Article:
At the crossroads of Germany, Austria, Hungary, and Eastern Europe, Czech-Jewish cooks shared many of their neighbors' recipes and ingredients.
Poultry-duck and especially goose-were very popular: in addition to the meat that was roasted or smoked, goose necks were stuffed with well-seasoned matzoh meal or flour, then simmered in soup or roasted. And rendered goose fat was invaluable for cooking both sweet and savory dishes.
The long, cold Czech winters made robust fare, like stews and starches, especially appealing. All Central and Eastern European cuisines feature a variety of dumpling recipes, but no one adores their knedliky as much as the Czechs, who prepare them in every season and for every course from soup to dessert.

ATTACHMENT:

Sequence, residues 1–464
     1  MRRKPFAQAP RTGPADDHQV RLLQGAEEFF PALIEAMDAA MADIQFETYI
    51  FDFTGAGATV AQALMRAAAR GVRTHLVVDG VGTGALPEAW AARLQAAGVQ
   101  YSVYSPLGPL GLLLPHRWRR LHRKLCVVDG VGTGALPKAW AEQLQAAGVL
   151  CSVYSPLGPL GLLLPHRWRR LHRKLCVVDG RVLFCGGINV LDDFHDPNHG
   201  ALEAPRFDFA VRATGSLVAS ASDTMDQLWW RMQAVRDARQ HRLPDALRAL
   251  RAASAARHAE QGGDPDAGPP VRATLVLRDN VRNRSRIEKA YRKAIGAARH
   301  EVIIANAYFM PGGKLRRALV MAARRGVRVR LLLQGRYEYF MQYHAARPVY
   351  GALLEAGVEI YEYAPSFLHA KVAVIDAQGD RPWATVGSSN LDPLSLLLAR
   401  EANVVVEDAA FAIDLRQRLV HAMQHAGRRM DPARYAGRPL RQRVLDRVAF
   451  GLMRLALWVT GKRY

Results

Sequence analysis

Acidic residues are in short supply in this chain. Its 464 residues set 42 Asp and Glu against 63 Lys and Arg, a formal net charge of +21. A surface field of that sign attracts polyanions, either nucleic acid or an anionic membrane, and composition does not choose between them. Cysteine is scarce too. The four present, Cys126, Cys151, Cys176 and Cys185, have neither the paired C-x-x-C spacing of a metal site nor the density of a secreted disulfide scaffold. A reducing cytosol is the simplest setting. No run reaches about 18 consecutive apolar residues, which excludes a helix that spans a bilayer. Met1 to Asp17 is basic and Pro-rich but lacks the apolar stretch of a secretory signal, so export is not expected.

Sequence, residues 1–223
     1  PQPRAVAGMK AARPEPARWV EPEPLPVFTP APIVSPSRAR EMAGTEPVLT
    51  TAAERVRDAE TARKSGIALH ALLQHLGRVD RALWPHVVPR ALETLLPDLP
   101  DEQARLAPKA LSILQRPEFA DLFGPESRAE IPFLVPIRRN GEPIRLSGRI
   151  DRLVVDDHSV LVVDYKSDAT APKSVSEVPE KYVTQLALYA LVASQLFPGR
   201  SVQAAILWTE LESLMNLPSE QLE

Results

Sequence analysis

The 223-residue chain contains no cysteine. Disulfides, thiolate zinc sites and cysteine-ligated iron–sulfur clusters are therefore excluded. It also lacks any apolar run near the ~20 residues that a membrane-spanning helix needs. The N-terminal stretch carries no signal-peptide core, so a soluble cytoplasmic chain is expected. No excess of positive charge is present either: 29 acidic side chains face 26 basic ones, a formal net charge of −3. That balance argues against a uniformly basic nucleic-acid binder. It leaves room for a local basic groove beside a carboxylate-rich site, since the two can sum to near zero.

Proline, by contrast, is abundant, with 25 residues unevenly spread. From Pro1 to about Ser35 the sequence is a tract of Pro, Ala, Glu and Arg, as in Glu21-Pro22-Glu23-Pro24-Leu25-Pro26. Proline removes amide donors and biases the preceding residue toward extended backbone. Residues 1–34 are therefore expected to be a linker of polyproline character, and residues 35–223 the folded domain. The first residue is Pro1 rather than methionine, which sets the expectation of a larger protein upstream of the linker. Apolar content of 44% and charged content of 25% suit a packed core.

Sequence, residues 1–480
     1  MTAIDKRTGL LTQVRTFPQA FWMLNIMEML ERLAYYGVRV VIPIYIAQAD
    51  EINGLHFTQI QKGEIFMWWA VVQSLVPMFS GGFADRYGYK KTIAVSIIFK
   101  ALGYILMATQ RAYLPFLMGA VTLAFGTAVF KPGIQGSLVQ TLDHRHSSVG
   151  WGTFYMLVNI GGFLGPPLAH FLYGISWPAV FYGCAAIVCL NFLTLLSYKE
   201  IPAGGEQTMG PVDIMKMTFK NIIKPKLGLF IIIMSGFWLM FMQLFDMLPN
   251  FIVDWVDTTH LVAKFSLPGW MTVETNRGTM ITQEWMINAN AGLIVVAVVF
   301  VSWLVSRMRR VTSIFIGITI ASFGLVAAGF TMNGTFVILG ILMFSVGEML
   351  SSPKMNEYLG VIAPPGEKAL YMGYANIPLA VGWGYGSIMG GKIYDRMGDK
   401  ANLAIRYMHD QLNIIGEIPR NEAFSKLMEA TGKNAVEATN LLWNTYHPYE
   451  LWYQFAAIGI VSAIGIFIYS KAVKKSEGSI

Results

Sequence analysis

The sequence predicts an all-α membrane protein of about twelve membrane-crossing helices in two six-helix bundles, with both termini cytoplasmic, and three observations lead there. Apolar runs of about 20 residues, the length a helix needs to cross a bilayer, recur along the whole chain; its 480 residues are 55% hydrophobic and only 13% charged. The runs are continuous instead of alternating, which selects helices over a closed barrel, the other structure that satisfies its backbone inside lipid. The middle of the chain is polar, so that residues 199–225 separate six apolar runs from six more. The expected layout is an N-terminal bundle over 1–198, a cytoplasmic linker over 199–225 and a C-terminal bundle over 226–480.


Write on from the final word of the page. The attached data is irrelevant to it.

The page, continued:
There are knedliky made from raw, grated or cooked, mashed potatoes; prepared from white bread, challah, or rolls; made primarily of flour or matzoh and others from curd cheese. Knedliky that enclose apricots, plums, or summer berries are a special delicacy.
Knedliky may be savory-flavored with onions, caraway seeds, sauerkraut or sautéed cabbage, or the woodsy mushrooms that flourish in the Czech forests. Or they may be sweet--tossed with buttery bread crumbs, cinnamon sugar, sour cream, and cheese, or served with fruit.
Bohemian and Moravian Jewish bakers have always had a well-deserved reputation for excellent pastries and cakes, from simple fruit kuchens to extravagant nut tortes.